Desert Saints (2000) from Tuna and Johnny Web (Uncle Scoopy; Greg Wroblewski)

Tuna's comments in white:

Desert Saints (2002) went through cable and vid distribution without a theatrical release. It is marketed as a thriller, and is the story of a hit man (Kiefer Sutherland) and the woman (Melora Walters) he hires to help him with a hit.

As the film opens, we see Sutherland check into a Mexican hotel with his wife, whom we don't see, in what is actually a scene near the end of the movie. Then the movie proper starts with him killing and burying his female partner, the feds finding the body, and his recruiting Walters. We then replay the hotel scene, but this time with Walters. This is at about the 20 minute mark. At this point, you can safely cut to the last 5 minutes, where we see the full version of the entering the hotel scene, then the aftermath, where they pull off a surprise ending, and then another after the screen goes black for the credits. The only thing you would miss is the breast exposure from Walters, first through a partially open bathroom door, where we never see her face, and then in a long but boring sex scene with Sutherland.

Scoop's comments in yellow:

I think it's a movie with a good handful of cards that misplayed some of them. It's not bad, but it needed some fixin'.
  • As Tuna pointed out, there was absolutely no need for the structural peculiarities.
  • It does have some credibility problems in the original premise. If Sutherland is that smart a killer, and has stayed untouched for so long, he just isn't going to pick up a hitchhiker and make her his partner within a few hours. No freakin' way.
  • Sutherland also doesn't get suspicious of the hitchhiker when he tries to shoot her and finds that the simple hippie girl emptied the clip on his gun. What did she need to do, wear a convention badge that said "Hello, I am an undercover fed"?
Given a few minor changes, the story could have played out very well chronologically without any flash forwards or other tricks. The plot had about four pretty nifty twists at the end, and I thought they were generally pretty cool. I figured out one of them, but the others were pleasantly surprising.  I also kinda enjoyed Kiefer Sutherland as the brilliant Ivy league hired killer who isn't quite as tough as he would like to pretend, but is tough enough.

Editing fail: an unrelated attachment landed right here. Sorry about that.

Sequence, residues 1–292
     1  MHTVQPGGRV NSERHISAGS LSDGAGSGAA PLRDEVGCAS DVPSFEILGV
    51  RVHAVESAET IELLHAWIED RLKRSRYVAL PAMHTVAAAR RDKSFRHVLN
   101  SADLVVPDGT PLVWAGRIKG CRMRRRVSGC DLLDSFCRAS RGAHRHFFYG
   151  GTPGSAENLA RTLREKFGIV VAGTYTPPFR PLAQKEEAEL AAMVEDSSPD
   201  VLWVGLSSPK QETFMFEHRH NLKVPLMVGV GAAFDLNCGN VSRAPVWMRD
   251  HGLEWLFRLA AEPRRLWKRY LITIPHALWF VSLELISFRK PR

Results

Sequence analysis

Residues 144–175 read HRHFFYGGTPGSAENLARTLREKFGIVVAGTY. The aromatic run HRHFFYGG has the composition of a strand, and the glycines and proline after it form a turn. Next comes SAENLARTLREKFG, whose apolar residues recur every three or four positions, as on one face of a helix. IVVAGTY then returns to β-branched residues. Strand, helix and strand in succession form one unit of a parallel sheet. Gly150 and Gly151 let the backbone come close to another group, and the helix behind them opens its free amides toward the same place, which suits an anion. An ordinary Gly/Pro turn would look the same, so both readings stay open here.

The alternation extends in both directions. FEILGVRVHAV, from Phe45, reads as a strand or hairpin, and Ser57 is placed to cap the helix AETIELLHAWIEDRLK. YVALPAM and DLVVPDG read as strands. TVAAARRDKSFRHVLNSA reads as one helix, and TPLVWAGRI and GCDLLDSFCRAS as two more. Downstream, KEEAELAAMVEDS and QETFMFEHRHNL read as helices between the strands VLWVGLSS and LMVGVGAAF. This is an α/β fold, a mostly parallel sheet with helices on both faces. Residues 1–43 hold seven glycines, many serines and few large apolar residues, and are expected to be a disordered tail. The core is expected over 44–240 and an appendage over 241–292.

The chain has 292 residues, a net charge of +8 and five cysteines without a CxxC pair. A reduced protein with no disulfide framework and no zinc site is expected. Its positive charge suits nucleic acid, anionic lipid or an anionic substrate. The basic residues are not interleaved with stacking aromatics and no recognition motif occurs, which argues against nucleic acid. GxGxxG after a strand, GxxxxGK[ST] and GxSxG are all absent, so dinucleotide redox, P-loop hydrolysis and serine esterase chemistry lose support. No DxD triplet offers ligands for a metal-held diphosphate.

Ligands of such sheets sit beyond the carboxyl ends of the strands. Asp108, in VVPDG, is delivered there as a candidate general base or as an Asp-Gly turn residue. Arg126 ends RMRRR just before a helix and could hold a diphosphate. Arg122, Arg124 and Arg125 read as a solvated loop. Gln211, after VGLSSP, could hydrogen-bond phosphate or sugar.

My own guideline: A means the movie is so good it will appeal to you even if you hate the genre. B means the movie is not good enough to win you over if you hate the genre, but is good enough to do so if you have an open mind about this type of film. C means it will only appeal to genre addicts, and has no crossover appeal. D means you'll hate it even if you like the genre. E means that you'll hate it even if you love the genre. F means that the film is not only unappealing across-the-board, but technically inept as well.

Based on this description, this film is a C.

Tuna says, "I am a big fan of thrillers, but am also very critical when I feel they are badly done, and the narrative structure of this one robbed most of the possible suspense. Even the surprise ending wasn't that surprising. Genre fans will be able to enjoy it."

Scoop says, "I agree. I suppose I liked it more than Tuna because he didn't enjoy the character development  dialogue in the middle of the film and fast-forwarded to the point where the film resumed forward motion. I thought Kiefer's character was entertaining, and enjoyed some of the dialogue in the static portion of the film. But C is the right score. It is a serviceable thriller, not capable of being a theatrical blockbuster, but excellent by the standard of non-theatrical films. It's not a great thriller, but it might have been with a different approach to the structure."

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